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Keeping My Own Radiological Counsel


When remaining cool and collected is a challenge, providing an overload of detail is another way of turning the tide with a frustrating referring clinician.

I have a cast of characters residing in my noggin. They’re all me of course. Regular readers won’t be surprised that I watched Marvel’s Moon Knight series, but I’m not claiming any dissociative identity issues. It’s just that the way I come across can vary substantially with different situations.

We’re not supposed to be like that in medicine. No matter what happens, it is expected that we will always be level-headed, cool, and calm in a crisis, etc. Stress, frustration, and the like shall never mar our consummately professional demeanor. For those familiar with the Dune franchise, we’re about as close a thing to its “mentats” as reality gets: the living equivalent of computers. Give us your data. We will process it and give you results, and our personalities won’t get in the way.

Maybe other docs have perfected this approach. I have not. However mentat-like I might manage to behave, the characters in my mind are regularly in play behind the scenes. I could call them a council to pun on the title of this piece, but with the way they behave, it is really more of a peanut gallery. They are often at their most insistent when I have to get on the phone: Talking to referrers, techs, etc. has a way of rousing my rabble to the point where it is sometimes hard to keep them from taking enough control to verbally express themselves.

Consider the following case in point. A call comes in for a computed tomography (CT) scan I read. As has been the case in most decently organized rad jobs I have had, the initial contact is from a rad support person, to a) make sure I’m available, and b) give me the patient info so I can have the case in front of me before the referrer is talking to me about it.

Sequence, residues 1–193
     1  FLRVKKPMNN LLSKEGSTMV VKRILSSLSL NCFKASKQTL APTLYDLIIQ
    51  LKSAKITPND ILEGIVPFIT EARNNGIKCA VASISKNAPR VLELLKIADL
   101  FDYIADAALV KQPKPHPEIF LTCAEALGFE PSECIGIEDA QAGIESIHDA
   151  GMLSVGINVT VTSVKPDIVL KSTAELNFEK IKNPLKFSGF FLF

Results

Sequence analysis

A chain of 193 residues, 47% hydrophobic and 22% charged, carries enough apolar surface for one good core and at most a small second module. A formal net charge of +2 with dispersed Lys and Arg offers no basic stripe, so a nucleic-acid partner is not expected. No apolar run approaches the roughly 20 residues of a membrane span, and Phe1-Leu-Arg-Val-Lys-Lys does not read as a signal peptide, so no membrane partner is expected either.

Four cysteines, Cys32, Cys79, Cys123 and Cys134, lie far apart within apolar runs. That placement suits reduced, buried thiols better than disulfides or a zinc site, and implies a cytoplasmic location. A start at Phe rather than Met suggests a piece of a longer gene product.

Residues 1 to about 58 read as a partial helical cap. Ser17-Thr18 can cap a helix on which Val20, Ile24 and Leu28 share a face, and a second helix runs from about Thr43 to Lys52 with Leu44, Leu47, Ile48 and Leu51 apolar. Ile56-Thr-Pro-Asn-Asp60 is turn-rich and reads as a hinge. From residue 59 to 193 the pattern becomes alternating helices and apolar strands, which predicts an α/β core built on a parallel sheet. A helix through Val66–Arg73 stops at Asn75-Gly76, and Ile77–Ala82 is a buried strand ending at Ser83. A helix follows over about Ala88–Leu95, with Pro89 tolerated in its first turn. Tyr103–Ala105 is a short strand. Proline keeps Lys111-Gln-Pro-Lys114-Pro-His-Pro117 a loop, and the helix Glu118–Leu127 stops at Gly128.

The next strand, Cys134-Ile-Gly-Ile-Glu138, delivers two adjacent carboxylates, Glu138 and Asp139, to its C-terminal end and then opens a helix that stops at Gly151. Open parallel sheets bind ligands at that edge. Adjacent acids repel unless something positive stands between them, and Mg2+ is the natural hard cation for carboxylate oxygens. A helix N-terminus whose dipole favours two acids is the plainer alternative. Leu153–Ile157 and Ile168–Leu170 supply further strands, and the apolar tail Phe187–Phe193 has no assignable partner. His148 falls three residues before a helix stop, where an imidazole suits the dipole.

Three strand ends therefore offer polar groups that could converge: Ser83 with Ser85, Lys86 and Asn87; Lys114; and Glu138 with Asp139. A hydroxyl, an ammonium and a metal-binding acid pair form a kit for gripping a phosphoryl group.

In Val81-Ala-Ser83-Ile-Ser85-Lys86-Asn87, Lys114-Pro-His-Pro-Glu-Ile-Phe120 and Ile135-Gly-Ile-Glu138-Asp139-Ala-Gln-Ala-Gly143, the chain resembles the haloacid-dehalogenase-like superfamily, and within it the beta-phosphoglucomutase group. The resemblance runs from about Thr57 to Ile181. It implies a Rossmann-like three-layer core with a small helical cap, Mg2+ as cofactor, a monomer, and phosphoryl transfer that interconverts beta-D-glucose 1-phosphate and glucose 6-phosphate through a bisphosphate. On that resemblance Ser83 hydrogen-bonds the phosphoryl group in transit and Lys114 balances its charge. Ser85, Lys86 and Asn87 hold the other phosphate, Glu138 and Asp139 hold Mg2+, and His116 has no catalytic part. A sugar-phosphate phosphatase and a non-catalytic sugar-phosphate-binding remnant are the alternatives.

Organized and efficient as that may be, it doesn’t stop the peanut gallery from squawking at the interruption of my reading cases:

What is it now? Can’t I be left alone in peace?

What about my report was unclear to this individual? Did the clinician bother reading it all that carefully? Is she or he about to try telling me my read was wrong?

Of course, I ride herd on the chatter. Nothing they are saying is worth expressing out loud, especially to my helpful ancillary staff. I say thanks for the case info and that I am ready to be connected. It was a chest CT with a history of “septic emboli” and literally no other clinical info. There was plenty going on in the lungs, even some cavitary lesions. However, they did not look embolic, and I had taken pains to describe why they probably were not embolic

The referring clinician gets connected and semi-accusingly tells me that I “said something about septic emboli” in my report, but that the clinical scenario really doesn’t suggest such pathology. The peanut gallery doesn’t appreciate the tone.